Matthew was taken to jail and interrogated for 7 hours.  To interrogate an autistic person after a what was clearly a traumatic accident for 7 hours without a familiar person or anyone who is supporting him or trained in autism is to take advantage of him and to undermine him and to overwhelm his ability to cope with the situation and make decisions.

Although to my understanding, VA Beach has people trained to deal with mental health crises and autistic individuals. At no time was a someone trained to deal with an autistic individual in crisis called, even though the entire narrative of the interrogation based on the camera footage is pushing Matthew with the suicidal intent narrative. At one point when Matthew is repeatedly denying being suicidal and stating that it was an accident he tried to avoid, he’s told “but you know what it looks like,” pressuring him to change his own thinking.

The only way Matthew could be determined to be suicidal would be for a trained mental health professional to evaluate him. At no time was there an evaluation by a trained mental health professional with the knowledge and experience to determine if Matthew was in fact suicidal.  A policeman or a prosecutor or a judge are not competent to ascertain if someone is suicidal. No one present was qualified to make that determination. And without an evaluation, there is no evidence that this was intentional.

The only trained mental health professional who came anywhere near Matthew was Dr, Keenan, who evaluated him on 1/17, the day after the bail hearing in which Matthew was denied bond based on the idea that he presented a danger to himself or others. He diagnosed Matthew as having an anxiety disorder and as needing treatment, but said nothing about him being suicidal. Given what Matthew went through in the days since the accident, it is not surprising that he presented as a young man with extreme anxiety

The fact that Matthew signed a plea deal is meaningless. A fundamental quality of autistic people is that they are truthful, and they are subject to being manipulated because they don’t understand when someone is lying and something is against their own interest. If someone told Matthew that signing a paper was the right thing to do, he would believe them. According to Matthew, he thought signing it meant he could go home.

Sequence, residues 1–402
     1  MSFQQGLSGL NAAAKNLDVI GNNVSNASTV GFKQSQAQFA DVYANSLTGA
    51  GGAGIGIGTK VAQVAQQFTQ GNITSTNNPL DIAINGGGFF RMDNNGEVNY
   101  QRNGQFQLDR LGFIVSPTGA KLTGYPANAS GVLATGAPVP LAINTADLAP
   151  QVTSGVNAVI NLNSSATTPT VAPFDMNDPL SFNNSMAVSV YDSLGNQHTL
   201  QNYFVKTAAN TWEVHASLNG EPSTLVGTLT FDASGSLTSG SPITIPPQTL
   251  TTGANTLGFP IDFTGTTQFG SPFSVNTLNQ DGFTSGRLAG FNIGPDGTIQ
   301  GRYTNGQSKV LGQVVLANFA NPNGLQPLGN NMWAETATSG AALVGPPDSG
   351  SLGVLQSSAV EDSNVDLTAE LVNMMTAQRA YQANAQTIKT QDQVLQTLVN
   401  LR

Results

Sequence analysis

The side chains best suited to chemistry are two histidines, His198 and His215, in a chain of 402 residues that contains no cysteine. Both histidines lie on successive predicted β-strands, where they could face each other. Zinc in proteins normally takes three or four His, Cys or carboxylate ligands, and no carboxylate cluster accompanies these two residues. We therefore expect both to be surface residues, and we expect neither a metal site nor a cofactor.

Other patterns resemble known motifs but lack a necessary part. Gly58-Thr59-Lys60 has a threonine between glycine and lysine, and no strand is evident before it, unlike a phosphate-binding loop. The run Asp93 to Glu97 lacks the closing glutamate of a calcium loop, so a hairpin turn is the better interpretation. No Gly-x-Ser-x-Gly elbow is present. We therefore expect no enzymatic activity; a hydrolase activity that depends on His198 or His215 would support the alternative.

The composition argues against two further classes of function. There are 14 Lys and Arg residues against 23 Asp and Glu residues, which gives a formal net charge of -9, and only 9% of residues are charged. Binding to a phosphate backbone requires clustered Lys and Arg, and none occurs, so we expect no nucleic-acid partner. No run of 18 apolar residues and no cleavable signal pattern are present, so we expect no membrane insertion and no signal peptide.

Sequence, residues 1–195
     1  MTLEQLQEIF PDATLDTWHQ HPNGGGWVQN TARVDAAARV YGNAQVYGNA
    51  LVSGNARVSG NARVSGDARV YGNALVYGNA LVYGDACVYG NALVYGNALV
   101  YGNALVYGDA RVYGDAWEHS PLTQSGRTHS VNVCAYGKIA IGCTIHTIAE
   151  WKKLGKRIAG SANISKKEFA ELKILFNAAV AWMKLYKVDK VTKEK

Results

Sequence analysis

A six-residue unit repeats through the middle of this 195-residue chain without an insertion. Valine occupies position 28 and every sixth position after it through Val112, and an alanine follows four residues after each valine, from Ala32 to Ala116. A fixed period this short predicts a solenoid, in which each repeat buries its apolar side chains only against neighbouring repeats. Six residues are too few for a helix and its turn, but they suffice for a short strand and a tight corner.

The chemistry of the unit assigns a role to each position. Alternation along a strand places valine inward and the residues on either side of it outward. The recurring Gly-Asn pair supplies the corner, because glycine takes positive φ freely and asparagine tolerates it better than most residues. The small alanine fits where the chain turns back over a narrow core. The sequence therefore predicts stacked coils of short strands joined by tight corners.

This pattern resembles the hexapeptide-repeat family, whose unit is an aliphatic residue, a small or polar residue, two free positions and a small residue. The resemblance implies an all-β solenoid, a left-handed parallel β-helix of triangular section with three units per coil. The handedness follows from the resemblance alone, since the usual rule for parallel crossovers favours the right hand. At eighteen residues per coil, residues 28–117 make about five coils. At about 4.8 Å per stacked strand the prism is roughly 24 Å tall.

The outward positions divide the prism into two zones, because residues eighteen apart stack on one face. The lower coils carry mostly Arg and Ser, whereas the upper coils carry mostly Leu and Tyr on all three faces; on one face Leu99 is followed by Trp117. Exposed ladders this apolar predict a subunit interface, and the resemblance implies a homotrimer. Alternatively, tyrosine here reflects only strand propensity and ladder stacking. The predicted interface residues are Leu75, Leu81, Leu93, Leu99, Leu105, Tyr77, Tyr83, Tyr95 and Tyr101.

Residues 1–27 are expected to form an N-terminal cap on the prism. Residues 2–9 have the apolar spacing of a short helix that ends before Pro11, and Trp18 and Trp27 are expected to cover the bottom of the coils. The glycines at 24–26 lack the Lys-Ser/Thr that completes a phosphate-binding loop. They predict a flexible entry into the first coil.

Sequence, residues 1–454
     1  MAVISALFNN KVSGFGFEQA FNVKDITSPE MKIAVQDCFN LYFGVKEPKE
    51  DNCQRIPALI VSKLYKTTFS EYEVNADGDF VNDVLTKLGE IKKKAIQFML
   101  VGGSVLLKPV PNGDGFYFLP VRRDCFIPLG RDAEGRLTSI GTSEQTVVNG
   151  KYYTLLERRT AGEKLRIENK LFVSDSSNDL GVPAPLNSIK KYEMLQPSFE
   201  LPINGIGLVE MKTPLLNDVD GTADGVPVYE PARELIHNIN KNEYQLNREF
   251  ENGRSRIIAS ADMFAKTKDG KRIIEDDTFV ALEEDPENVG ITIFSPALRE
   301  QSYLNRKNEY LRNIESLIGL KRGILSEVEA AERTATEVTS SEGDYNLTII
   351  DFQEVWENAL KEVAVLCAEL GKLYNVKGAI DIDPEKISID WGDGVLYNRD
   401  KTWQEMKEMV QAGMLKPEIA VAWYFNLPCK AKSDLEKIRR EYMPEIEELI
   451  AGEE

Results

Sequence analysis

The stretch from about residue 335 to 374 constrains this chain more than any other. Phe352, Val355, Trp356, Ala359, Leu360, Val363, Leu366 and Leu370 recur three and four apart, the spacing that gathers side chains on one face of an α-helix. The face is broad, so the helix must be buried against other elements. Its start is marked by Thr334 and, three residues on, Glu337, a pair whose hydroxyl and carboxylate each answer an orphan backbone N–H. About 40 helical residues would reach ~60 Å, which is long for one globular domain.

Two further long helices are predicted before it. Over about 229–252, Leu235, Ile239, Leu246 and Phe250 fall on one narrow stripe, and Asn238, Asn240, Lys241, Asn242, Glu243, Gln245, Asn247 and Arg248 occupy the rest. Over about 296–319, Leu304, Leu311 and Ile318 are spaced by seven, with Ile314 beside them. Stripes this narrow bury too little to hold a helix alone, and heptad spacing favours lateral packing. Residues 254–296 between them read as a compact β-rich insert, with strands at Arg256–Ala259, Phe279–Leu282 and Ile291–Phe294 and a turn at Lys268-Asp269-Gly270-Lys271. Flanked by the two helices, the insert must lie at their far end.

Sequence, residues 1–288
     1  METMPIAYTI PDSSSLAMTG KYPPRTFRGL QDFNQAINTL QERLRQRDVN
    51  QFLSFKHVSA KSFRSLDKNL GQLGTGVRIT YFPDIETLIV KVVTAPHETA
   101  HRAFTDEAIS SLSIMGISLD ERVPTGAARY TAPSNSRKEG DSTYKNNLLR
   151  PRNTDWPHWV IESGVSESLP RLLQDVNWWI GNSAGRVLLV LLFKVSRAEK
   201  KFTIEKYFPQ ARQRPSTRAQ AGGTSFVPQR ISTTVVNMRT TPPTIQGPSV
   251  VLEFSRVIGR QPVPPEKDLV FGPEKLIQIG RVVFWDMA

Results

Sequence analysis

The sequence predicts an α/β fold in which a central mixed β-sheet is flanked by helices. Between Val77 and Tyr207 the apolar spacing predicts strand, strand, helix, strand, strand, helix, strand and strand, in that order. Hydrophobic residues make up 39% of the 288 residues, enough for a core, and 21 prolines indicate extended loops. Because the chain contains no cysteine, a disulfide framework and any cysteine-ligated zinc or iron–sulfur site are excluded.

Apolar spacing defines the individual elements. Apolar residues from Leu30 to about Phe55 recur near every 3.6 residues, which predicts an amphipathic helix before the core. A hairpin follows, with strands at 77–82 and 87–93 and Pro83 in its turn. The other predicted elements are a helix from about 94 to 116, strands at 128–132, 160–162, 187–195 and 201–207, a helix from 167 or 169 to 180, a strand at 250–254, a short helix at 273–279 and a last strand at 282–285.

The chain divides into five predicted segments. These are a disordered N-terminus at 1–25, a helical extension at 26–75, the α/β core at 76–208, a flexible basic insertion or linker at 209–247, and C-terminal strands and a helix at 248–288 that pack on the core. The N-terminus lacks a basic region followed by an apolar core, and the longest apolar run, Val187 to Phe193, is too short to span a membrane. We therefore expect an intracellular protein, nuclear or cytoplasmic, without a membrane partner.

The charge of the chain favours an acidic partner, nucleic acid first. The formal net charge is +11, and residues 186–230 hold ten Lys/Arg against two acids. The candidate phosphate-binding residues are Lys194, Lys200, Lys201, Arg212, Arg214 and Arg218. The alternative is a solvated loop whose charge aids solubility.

This entire case is based on a narrative that is belied by reality. A young college student with a job, a girlfriend and good community connections as indicated by the letters I read by those with whom he volunteered is accused of having malicious intent to knowingly harm people based on one comment he made in an overwhelmingly emotional moment. Matthew’s treatment by the VA Beach police can only be described as cruel given his autism and the total disregard for his wellbeing.

The prosecution used hyperbole to put it mildly to describe Matthew’s callous indifference to life which has no supporting evidence whatsoever. And no evidence was presented with alternative explanations of what might have caused the accident, although now Terra has a book of possibilities.

Basically, Matthew was presumed to be suicidal and guilty of intentionally causing the accident from the time he was was brought in to the time when he was sentenced with no evidence proving it whatsoever; they could have called in a psychiatrist or mental health professional to evaluate him but they actually weren’t interested.

In jail, Matthew has been vulnerable to being targeted and attacked by other inmates. (Don’t mention drugs- if that shows up publicly there could be consequences). He has had transient blindness and severe headaches but despite his prior TBI, cyst on his pituitary gland and neurological symptoms, his only opportunity for an MRI after 1 1/2 years is to be taken to a jail where there is Covid. The daily heat is over 100 degrees, which exacerbates his neurological symptoms.

165,000 people have signed a petition for his release. BlackLivesMatter has included #FreeMatthewRushin. His case is getting national attention and is before the Governor, which means going to the Commonwealth Attorney and the parole board.

I encourage everyone to follow this case closely and get involved as you see fit.

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Usually, we begin to think about Rosh Hashanah a month in advance.  When the Hebrew month of Elul starts, we begin taking stock, looking back on our year, examining our actions and interpersonal relationships, and planning for the year to come.  In a year like this one, we could use the extra three weeks that the rest of the Hebrew month of Av has to offer.    This year, in addition to examining our actions, we need to figure out what Rosh Hashanah will even look like.